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Ebola - What You Need To Know

The Georgia Department of Public Health (DPH) is protecting the public by working around the clock to prevent the spread of Ebola. The Ebola outbreak is centered in West Africa. There are no cases of Ebola transmission in Georgia.

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The Facts About Ebola
Symptoms and Diagnosis
Information for Travelers
Guidance for Hospitals
Occupation- Based Guidance (EMS, Nurses, Education, Etc.)
Ebola Resources from CDC, Emory
What DPH is Doing to Protect Georgia

The Facts About Ebola

  • National and international health authorities are currently working to control a large, ongoing outbreak of Ebola Virus Disease (EVD, or Ebola) involving areas in West Africa.
  • The first case identified in the U.S. was diagnosed on September 30, 2014, in a traveler from Liberia who had contact with an infected person while in Liberia who then traveled to Dallas, Texas.
  • Ebola is a rare and deadly disease. The disease is native to several African countries and is caused by infection with one of the ebolaviruses (Ebola, Sudan, Bundibugyo, or Taï Forest virus). The natural reservoir host of ebolaviruses remains unknown. However, researchers believe that the virus is zoonotic (animal-borne) with bats being the most likely reservoir.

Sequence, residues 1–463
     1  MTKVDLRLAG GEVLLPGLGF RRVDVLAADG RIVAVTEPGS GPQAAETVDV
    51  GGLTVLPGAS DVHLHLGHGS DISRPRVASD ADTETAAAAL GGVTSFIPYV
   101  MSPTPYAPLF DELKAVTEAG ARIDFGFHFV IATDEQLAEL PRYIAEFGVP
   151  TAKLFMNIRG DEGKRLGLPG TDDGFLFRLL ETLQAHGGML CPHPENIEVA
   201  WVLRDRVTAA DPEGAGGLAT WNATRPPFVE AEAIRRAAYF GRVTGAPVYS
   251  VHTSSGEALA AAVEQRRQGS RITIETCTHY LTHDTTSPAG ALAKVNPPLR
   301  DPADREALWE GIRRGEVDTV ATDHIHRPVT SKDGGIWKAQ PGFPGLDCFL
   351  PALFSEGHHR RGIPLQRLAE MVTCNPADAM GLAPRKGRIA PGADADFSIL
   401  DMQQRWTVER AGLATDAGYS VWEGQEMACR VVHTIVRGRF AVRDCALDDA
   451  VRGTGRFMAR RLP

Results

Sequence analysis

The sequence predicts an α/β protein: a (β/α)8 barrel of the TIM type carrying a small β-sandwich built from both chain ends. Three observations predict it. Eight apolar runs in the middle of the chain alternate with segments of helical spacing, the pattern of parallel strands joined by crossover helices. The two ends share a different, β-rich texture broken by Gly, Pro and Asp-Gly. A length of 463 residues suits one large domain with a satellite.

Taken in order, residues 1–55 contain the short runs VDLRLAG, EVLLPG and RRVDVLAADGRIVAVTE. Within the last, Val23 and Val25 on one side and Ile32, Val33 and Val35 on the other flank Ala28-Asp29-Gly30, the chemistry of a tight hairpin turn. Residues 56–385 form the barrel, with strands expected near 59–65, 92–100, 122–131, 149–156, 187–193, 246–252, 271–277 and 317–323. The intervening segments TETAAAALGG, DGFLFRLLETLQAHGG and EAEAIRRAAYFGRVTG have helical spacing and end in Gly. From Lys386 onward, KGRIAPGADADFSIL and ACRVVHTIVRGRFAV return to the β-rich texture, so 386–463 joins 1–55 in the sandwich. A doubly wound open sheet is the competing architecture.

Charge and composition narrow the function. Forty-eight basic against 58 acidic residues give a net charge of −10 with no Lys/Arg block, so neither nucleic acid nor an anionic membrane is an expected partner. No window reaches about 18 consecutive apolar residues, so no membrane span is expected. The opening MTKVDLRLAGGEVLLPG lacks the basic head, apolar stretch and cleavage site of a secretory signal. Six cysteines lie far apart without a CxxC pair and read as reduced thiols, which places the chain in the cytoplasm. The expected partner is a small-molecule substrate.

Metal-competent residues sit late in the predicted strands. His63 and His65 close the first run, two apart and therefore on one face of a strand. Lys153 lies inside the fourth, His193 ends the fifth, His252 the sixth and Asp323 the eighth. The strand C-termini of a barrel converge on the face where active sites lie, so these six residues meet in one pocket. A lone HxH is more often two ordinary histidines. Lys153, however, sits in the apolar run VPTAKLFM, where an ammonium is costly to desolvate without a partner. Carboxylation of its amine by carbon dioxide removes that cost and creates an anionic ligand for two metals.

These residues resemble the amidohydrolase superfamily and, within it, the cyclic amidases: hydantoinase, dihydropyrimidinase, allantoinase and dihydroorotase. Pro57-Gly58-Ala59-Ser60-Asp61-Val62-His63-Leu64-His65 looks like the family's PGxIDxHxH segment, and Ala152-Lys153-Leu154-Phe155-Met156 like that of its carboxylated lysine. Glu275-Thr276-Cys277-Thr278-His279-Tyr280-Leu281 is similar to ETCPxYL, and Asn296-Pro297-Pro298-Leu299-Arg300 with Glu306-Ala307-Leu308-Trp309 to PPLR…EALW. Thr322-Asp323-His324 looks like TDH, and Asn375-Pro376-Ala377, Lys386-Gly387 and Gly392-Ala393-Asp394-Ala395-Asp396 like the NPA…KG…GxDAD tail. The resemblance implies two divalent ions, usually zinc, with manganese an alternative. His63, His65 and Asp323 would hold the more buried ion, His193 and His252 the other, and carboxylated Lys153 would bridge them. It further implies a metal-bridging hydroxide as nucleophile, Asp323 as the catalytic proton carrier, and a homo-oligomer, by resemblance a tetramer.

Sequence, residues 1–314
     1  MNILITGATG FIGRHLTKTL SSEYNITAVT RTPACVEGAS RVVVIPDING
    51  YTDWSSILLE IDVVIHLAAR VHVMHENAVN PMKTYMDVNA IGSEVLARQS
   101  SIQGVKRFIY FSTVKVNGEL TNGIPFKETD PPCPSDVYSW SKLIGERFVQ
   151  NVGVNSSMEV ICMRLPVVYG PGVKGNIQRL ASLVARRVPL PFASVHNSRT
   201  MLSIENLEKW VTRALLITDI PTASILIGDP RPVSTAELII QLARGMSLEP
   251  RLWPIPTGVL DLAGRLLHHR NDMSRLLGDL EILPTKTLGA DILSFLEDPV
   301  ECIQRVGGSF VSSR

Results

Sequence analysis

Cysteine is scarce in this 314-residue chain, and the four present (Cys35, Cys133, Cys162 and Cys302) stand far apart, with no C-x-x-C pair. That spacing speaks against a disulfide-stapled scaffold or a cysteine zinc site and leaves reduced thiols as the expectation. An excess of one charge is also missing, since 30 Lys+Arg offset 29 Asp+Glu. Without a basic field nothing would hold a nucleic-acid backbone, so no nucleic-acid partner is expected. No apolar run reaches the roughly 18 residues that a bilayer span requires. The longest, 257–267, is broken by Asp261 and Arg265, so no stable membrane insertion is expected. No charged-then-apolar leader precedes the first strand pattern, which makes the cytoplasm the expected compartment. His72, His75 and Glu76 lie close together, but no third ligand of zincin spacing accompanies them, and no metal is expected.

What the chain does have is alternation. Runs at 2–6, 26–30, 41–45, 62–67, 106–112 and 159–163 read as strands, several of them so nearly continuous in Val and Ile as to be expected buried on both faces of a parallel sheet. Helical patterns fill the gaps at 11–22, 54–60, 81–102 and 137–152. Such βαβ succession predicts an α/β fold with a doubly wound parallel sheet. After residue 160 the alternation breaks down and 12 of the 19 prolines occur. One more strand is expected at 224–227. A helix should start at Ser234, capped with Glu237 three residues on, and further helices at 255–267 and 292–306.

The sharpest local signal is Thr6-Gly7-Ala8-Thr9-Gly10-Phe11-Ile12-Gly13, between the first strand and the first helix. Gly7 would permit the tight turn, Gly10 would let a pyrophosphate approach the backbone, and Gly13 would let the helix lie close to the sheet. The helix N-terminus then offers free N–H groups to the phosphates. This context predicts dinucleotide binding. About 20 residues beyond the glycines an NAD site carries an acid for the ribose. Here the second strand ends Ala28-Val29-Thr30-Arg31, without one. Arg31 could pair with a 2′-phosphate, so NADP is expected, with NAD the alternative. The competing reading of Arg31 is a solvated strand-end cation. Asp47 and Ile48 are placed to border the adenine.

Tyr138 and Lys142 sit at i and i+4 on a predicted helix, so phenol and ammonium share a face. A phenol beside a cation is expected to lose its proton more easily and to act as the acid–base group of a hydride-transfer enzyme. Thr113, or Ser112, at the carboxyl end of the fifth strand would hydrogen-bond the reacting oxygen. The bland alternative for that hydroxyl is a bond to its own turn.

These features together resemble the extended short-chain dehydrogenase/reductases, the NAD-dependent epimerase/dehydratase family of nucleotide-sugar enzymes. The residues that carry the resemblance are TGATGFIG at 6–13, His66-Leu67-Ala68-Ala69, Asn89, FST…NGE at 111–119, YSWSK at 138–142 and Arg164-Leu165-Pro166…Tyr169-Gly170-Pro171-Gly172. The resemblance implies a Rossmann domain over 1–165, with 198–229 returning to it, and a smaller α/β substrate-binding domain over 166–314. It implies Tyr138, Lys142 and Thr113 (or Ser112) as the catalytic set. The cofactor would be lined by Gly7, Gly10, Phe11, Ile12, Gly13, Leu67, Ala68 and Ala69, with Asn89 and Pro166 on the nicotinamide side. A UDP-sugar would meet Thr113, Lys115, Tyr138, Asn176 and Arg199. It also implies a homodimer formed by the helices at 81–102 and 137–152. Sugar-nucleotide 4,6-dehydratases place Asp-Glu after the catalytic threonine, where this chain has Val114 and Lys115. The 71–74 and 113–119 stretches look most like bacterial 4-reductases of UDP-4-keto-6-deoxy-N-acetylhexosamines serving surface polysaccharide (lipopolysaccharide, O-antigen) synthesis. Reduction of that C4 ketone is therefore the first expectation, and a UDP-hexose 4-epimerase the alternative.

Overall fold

Symptoms and Diagnosis

Health care providers should be alert for, and evaluate any patient who has had travel during the 21 days before symptom onset from an Ebola-affected area OR had contact with an individual who has Ebola AND Ebola symptoms: fever (including low-grade) headache, weakness, muscle pain, vomiting, loss of appetite, fatigue, diarrhea, abdominal pain or hemorrhage.
  • Ebola is spread by direct contact with a sick person’s blood or body fluids. It is also spread by contact with contaminated objects (such as needles) or infected animals.
  • The incubation period (time from exposure to when a person develops symptoms) for Ebola is usually 8–10 days, but could be 2–21 days.
  • Ebola is NOT transmissible during the incubation period (i.e., before onset of fever or symptoms).
  • The risk for person-to-person transmission is greatest during the later stages of illness when viral loads are highest and a person is exhibiting symptoms.

Physicians are required to contact DPH at 1-866-PUB-HLTH as soon as EVD or any other hemorrhagic fever virus infection is reasonably suspected.


Information for Travelers

CDC urges all U.S. residents to avoid nonessential travel to LiberiaGuinea, and Sierra Leone because of ongoing outbreaks of Ebola in those countries. On Nov. 14, CDC added Mali to the list of Ebola-affected nations for which enhanced screening and monitoring measures will be taken. CDC recommends that travelers to these countries protect themselves by avoiding contact with the blood and body fluids of people who are sick with Ebola.

With guidance from Georgia's Ebola Response Team, the Georgia Department of Public Health (DPH) is monitoring travelers arriving at the Hartsfield-Jackson Atlanta International Airport from countries affected by Ebola.